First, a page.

Chapter 9

Report
LESSON 9
SHOCK
© 2011 National Safety Council
9-1
Shock
• Dangerous condition
- Not enough oxygen-rich blood reaching vital organs such as
brain and heart
• Caused by anything that significantly reduces blood
flow
• Life-threatening emergency
• May develop quickly or gradually
• Always call 9-1-1 for victim in shock
© 2011 National Safety Council
9-2
Normal Tissue Oxygenation
Three general conditions must be present:
1. Heart must efficiently pump blood
2. Blood volume sufficient to fill blood vessels
3. Blood vessels intact and functioning normally
© 2011 National Safety Council
9-3
Causes of Shock
• Severe bleeding
• Dehydration
• Severe burns
• Electrocution
• Heart failure
• Serious infections
• Heart attack
• Extreme emotional
reactions
(temporary/less
dangerous)
• Head or spinal injuries
• Severe allergic
reactions
© 2011 National Safety Council
9-4
Common Types of Shock
• Hypovolemic occurs when blood volume drops
• Cardiogenic occurs with diminished heart function
• Neurogenic occurs with nervous system problems
• Anaphylactic extreme allergic reaction
• http://www.youtube.com/watch?v=9a7N9AU1GiQ&f
eature=related
© 2011 National Safety Council
9-5
Development of Shock
• Assume any victim with serious injury is at risk for
shock
• Often occurs in stages
• May progress gradually or quickly
• Victim ultimately becomes unresponsive
• Not all victims experience all signs and symptoms of
shock
© 2011 National Safety Council
9-6
Signs and Symptoms of Shock
In compensatory shock (first stage):
- Anxiety, restlessness, fear
- Increased breathing and heart rate
In decompensatory shock (second stage):
-
Mental status continues to deteriorate
Breathing becomes rapid and shallow, and heartbeat rapid
Skin becomes pale or ashen and cool
Nausea and thirst occur
© 2011 National Safety Council
9-7
Signs and Symptoms of Shock
continued
In irreversible shock (third stage):
• Victim becomes unresponsive
• Respiratory and cardiac arrest
© 2011 National Safety Council
9-8
Urgency of Shock Treatment
• Shock continues to develop unless medical treatment
begins
• Call 9-1-1 immediately
© 2011 National Safety Council
9-9
First Aid for Shock
1. Check for responsiveness, normal breathing and
severe bleeding, and care for life-threatening
injuries first.
2. Call 9-1-1.
© 2011 National Safety Council
9-10
First Aid for Shock
3. Have victim lie on
back and raise legs
so that feet are 6-12
inches above the
ground.
Put breathing,
unresponsive victim
(if no suspected
spinal injury) in
recovery position
Loosen any tight
clothing.
© 2011 National Safety Council
9-11
continued
First Aid for Shock
4. Be alert for vomiting;
turn victim’s head to
drain mouth.
5. Maintain normal body
temperature.
© 2011 National Safety Council
9-12
continued
Shock in Children
• Blood loss in
infants/children may
quickly lead to shock
• Susceptible to shock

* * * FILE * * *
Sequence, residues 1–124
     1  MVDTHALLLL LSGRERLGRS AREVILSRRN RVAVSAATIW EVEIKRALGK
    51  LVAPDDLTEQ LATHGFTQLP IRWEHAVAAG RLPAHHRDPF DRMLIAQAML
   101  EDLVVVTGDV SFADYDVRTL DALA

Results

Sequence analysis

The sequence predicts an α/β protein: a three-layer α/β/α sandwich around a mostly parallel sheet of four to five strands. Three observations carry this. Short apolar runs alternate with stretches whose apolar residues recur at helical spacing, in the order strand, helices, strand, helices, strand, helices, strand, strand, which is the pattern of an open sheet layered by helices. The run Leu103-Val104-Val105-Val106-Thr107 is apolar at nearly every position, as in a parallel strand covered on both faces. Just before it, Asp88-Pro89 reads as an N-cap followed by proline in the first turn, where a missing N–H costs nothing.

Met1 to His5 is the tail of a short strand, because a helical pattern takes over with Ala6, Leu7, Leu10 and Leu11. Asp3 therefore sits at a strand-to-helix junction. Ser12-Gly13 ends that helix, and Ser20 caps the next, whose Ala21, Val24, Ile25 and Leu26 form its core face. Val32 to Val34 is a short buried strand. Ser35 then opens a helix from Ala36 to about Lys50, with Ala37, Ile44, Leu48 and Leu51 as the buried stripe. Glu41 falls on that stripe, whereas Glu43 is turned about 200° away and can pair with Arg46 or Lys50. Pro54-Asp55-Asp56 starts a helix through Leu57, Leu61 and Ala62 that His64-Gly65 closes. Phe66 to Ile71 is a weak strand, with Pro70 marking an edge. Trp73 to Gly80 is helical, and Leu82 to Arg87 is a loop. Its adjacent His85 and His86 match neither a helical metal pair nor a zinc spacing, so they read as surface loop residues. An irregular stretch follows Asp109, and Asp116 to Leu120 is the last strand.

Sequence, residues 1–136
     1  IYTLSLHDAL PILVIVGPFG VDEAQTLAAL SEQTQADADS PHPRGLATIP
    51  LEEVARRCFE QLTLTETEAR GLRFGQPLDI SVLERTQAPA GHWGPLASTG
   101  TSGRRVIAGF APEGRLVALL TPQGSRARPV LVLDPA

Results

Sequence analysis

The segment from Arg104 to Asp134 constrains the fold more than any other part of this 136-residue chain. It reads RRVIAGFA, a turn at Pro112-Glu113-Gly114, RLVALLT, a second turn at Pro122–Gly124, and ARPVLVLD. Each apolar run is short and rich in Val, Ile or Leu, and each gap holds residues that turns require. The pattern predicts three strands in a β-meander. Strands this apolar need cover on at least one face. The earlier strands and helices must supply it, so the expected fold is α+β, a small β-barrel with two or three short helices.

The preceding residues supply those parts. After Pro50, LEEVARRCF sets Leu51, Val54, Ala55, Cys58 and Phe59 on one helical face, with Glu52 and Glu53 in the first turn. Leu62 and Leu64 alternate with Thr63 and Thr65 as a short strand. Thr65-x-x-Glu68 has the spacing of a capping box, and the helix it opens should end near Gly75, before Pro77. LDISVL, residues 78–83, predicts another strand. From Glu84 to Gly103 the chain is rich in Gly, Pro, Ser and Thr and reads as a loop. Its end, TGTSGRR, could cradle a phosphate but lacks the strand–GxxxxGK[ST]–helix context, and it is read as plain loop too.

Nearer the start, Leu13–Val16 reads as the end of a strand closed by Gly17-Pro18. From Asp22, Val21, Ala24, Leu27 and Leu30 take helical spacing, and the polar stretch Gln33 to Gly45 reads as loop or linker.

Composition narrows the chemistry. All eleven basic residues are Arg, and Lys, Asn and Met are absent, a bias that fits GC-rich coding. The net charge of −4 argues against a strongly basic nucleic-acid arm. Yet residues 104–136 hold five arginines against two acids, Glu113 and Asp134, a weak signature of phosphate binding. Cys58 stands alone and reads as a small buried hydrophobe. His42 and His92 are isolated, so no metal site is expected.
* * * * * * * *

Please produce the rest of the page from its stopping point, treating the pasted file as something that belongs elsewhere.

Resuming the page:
from dehydration
• Early shock may be
less obvious but child’s
condition rapidly
declines
• Treatment is same as
for adults
© 2011 National Safety Council
9-13
Anaphylaxis
• Severe allergic reaction in some people
• Also called anaphylactic shock
• Life-threatening emergency because airway may
swell
• Always call 9-1-1
© 2011 National Safety Council
9-14
Causes of Anaphylaxis
• Common allergens:
- Certain drugs
- Certain foods
- Insect stings and bites
© 2011 National Safety Council
9-15
Development of Anaphylaxis
• Signs and symptoms may begin within seconds to
minutes
• The more quickly it occurs – the more serious
• You cannot know how severe the reaction will be
© 2011 National Safety Council
9-16
Signs of anaphylaxis
• Itching
• Redness
• Swelling
• Progressing to:
- Tightness in the chest
- Difficulty breathing
- Unconsciousness
© 2011 National Safety Council
Prevention of Anaphylaxis:
Medication Allergies
• Maintain a history of
medication reactions and
share it with health care
providers
• Wear a medical alert ID
• Read product labels
carefully
© 2011 National Safety Council
9-18
Prevention of Anaphylaxis:
Insect Stings
• Stay away from insect nesting areas
• Check around home for insect nests
• Wear clothing that covers arms and legs
• Wear shoes
• Do not swat or wave insects away
© 2011 National Safety Council
9-19
Emergency Epinephrine
Auto-Injector
• May be carried by
people with severe
allergies
• Medication stops
anaphylactic reaction
• Ask a victim about it
• Help victim open and
use auto-injector
© 2011 National Safety Council
9-20
First Aid for Anaphylaxis
1. Call 9-1-1
2. Help victim use his or her
epinephrine auto-injector
3. Monitor victim’s breathing
and be ready to give CPR
if needed
4. Help victim sit up in
position of easiest
breathing - put
unresponsive victim who is
breathing in recovery
position
© 2011 National Safety Council
9-21

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